You say to the old man “Who are you old friend?” he answers simply by telling you that he is the man who gives passage every tenth year to all who need it, but he then informs you that there is no room for your hefty duffel bag and you will have to leave it behind.

No sooner had the old man said this than the captain of the yacht calls to you saying “Come aboard! we have plenty of room for you and your duffel bag” with hope again in your heart, you begin wading toward the yacht but as you get to the side of the ship you look through a porthole riveted on the side, you cant see much but what you can see is a rupture in the hull and a team of men furiously bucketing the water out, unfortunately the rupture is more than they can handle and though it is slow, the ship is taking on more water than can be bailed out, it is clear that this boat will surely sink before it makes port anywhere.

Then there is a decision to make, it is clear to you that you can no longer stay on the island, there is not enough plain evidence to prove that the old man and his little boat will take you home safely, but if you take the yacht death is inevitable. Any logical, rational person would wager the non-leaking boat against the good looking and near sunk one any day of the week. it would be foolhardy to then not take up the old man’s offer.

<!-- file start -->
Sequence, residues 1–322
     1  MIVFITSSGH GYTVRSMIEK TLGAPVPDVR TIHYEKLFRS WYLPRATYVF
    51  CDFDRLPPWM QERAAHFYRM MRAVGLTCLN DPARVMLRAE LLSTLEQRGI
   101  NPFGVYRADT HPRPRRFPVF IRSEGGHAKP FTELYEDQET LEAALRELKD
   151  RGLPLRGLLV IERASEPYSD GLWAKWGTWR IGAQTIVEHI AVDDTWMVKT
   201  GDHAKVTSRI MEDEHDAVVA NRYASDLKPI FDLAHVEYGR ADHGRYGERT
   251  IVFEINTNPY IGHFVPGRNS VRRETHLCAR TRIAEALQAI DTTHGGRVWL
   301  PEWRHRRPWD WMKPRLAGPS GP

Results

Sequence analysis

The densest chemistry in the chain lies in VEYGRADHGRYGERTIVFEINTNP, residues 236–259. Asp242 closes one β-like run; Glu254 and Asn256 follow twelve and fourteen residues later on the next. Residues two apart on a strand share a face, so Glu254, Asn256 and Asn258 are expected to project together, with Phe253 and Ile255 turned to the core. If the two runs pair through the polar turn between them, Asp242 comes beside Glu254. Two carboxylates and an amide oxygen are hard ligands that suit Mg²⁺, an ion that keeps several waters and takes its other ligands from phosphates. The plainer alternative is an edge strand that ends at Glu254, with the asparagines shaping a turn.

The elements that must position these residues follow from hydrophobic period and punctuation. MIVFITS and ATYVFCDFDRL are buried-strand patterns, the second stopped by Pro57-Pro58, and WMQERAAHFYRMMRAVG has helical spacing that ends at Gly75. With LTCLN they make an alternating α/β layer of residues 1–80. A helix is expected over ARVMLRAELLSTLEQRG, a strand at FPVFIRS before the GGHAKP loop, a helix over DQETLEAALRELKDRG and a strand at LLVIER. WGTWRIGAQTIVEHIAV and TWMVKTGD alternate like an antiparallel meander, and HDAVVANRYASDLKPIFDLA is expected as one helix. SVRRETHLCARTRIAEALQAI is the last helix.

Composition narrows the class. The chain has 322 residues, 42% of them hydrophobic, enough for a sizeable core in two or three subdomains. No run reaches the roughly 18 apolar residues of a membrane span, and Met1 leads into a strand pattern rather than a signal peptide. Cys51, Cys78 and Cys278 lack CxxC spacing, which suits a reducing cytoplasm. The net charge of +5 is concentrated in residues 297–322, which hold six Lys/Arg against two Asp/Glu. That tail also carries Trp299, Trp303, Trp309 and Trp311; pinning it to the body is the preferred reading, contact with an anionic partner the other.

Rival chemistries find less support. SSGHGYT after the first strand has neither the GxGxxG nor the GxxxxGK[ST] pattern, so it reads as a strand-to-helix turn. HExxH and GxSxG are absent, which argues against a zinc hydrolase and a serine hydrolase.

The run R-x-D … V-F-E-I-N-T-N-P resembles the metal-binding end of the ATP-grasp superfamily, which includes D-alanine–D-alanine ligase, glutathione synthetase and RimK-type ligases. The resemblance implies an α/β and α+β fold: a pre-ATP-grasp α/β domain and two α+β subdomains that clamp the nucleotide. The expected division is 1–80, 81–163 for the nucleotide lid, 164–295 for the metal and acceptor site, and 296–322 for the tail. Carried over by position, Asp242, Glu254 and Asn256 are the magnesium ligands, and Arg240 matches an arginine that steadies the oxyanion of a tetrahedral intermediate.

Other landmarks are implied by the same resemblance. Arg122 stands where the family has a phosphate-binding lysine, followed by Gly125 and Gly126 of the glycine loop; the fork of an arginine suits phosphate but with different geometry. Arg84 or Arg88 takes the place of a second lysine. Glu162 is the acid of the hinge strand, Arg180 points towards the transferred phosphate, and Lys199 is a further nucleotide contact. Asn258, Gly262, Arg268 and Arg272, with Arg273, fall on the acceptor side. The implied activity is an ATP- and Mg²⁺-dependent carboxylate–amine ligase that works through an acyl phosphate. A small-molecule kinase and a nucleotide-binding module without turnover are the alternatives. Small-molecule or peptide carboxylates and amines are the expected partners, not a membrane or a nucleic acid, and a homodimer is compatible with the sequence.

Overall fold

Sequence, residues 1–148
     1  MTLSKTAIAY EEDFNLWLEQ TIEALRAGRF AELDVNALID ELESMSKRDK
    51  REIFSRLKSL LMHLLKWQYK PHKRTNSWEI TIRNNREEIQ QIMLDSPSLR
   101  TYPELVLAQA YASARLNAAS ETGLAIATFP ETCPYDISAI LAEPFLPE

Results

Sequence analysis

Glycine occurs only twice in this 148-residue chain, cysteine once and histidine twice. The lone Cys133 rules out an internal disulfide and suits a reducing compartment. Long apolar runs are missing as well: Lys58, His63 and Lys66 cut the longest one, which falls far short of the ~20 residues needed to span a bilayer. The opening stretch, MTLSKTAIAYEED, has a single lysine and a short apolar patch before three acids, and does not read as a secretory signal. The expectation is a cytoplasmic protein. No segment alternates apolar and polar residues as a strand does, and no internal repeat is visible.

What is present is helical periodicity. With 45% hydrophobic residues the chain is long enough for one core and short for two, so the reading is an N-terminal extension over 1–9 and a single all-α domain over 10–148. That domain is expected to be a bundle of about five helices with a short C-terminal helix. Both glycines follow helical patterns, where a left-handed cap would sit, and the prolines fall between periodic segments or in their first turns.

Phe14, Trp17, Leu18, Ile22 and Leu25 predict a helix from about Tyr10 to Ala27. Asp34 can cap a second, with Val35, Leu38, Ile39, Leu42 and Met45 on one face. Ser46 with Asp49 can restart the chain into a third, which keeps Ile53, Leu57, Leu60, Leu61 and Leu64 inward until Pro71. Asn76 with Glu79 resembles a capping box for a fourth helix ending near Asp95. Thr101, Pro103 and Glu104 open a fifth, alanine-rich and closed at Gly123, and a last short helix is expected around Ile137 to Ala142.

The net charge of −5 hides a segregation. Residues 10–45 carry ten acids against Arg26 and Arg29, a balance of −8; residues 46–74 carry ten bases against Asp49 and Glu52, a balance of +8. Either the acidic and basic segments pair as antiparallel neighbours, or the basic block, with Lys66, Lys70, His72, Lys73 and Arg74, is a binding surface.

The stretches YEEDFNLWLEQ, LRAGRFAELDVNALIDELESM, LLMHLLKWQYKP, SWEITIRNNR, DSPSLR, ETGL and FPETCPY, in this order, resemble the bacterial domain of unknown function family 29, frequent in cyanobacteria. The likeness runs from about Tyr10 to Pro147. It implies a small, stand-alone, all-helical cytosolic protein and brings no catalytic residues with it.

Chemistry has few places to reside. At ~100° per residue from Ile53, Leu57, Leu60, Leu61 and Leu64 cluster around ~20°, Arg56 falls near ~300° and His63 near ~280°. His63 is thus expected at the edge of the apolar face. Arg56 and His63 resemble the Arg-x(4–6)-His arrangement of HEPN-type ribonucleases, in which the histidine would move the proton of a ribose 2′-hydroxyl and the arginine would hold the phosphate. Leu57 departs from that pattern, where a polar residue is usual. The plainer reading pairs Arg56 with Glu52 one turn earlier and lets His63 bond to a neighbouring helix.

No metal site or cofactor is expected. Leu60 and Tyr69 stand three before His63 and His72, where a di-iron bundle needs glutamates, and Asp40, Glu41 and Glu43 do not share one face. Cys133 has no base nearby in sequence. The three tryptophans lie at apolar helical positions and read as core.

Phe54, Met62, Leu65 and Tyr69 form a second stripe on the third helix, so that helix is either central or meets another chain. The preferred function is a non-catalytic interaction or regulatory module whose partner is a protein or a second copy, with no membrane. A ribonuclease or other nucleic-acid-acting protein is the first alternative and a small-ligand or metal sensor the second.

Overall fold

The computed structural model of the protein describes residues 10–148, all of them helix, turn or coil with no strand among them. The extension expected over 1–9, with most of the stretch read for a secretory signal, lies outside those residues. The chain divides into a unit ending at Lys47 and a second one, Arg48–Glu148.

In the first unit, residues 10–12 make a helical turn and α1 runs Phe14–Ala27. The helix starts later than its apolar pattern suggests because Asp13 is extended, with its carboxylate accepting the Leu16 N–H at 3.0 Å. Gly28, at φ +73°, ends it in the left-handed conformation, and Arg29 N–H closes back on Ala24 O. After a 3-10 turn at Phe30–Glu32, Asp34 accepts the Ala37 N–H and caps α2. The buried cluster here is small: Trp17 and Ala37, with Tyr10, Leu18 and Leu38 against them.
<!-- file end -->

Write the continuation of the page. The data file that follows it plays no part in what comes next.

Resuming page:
Blaise Pascal hypothesized this very situation (just without the allegory), in his posthumously published work “Pensées”. Whilst there is not enough clear evidence for many to believe in God and become a Christian, the alternative option is death, so if anyone would be truly logical they would pursue authentic Christianity.

To put it succinctly.

  • If one is an atheist and dies and is correct, he is still dead.
  • If one is an atheist and dies and is incorrect, he is still dead.

Whereas;

  • If one is a Christian and dies, and is correct, he has infinite life and joy